PostHeaderIcon Answering Questions: Life on Other Planets?

Here are my questions:

1. What is the possibility that intelligent life on other planets exists?

2. Have we found any signs of life on other planets?

3. What is the possibility that any life will be found on a moon such as Europa or Titan?

Again, I greatly appreciate your time, and thank you in advance for your response.

Many Thanks,

-Jacob

Jacob, ahh, these are the questions driving our exploration of the solar system.

1. What is the possibility that intelligent life on other planets exists?

This question is more of an opinion question at this point than a science question. There are just beginning to be scientists attempting to put a number to the possibility that there is life on other planets. I’d like to break this question down.

Life within our solar system (other than on Earth)

There is no evidence of intelligent life within our solar system. This does depend on your definition of intelligent, but one definition sometimes used by astronomers is that intelligent aliens would be able to form civilizations and use radio communication. We would have picked up those radio signals long ago had they been created within our solar system. It is entirely possible that there is life that is not creating radio signals – but we might have detected that life in other ways too:  noticing extra heat, carbon dioxide, oxygen, or methane in the atmospheres of other planets and moons within our solar system.

There is a scientist – Dr. Abel Méndez from Puerto Rico who is studying how likely it is that life could survive (the habitability of) on various planets and moons. He has actually ranked Enceladus, Saturn’s moon, as having more habitable area than Earth!!

Life outside our solar system

Since we have not yet found evidence of life outside our solar system, we have no way of knowing if it is there or not. If you like, you can use the Drake Equation to make your own guess, based on your own choices for the percentage of stars that you think might have planets, and the percentage of those that might be habitable.  If you talk to your math teacher about how to use this formula you can get your own best guess. If you’d rather though, scroll to the bottom of this page and choose the numbers you like best, and the webpage will calculate it for you.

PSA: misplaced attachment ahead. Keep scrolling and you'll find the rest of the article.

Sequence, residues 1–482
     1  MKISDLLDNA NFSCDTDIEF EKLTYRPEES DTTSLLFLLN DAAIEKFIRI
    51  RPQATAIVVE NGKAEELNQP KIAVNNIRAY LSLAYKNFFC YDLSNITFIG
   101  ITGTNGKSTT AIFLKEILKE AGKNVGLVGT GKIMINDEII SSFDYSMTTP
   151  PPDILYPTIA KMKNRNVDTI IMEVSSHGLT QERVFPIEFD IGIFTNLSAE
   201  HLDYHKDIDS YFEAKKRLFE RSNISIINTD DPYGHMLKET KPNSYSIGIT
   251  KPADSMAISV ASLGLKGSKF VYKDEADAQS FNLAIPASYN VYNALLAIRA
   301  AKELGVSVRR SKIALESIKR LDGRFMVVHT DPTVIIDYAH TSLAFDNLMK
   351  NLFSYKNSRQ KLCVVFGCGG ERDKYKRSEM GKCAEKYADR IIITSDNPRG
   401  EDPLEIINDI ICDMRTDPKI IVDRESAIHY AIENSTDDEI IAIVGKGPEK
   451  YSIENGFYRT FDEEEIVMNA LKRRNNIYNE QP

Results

2. Have we found any signs of life on other planets?

Hmm. Not really. Scientists are looking for what they call “markers” of life or “markers of biogenic activity” (both phrases mean the same thing). For instance – if you see dog poop in the park, although the poop isn’t alive you can be pretty certain that there was a dog at that exact location not too long ago. Most of the markers scientists are looking for aren’t nearly as certain as that.

Methane

A while ago scientists studying Mars found new methane in the atmosphere. Methane is often produced when life forms digest food – it comes out of your body when you burp or fart. Bacteria make methane too, as do dogs, cows, and other animals. Unfortunately, the rock cycle can also make methane – especially when iron rusts. Mars is covered in rust – that’s why it is red. This discovery of methane could be either from geology or from biology, it is not necessarily a “marker of life.”

Magnetotactic Bacteria

Last week I wouldn’t have mentioned this, but there is a new scientific paper out this week. In 1996 scientists found what they thought were markers of life in a meteorite from Mars. This meteorite (ALH 84001) was discovered in Antarctica in the early 80s. There were two interesting things inside this meteorite: forms that might be fossilized bacteria, and strings of magnetite (a magnetic mineral). We can’t really tell about the shapes that might be fossilized bacteria, but the strings of magnetite are identical to magnetite strings created by certain bacteria (magnetotactic bacteria) here on Earth. This is a very new paper, so other scientists might have other ways to interpret the same information.

3. What is the possiblity that any life will be found on a moon such as Europa or Titan?

If you look at the work done by Dr. Abel Méndez it looks fairly likely that life might have begun on Europa or Enceladus. Titan is less likely, as is Mars. How likely is it that the life is still there or that we’ll find it? I don’t know. Scientists are constantly debating this one.

Useful Links

Dr. Abel Méndez on Planet Habitability

Methane on Mars

Magnetotactic Bacteria

Magnetotactic Bacteria from NASA

Advanced Links (My source material)

(These are source material, but I do not recommend them unless you want to spend hours piecing through the jargon)

Press release about Méndez’s work, with diagram

Méndez’s current abstract

Méndez’s previous article

~ A l i c e !

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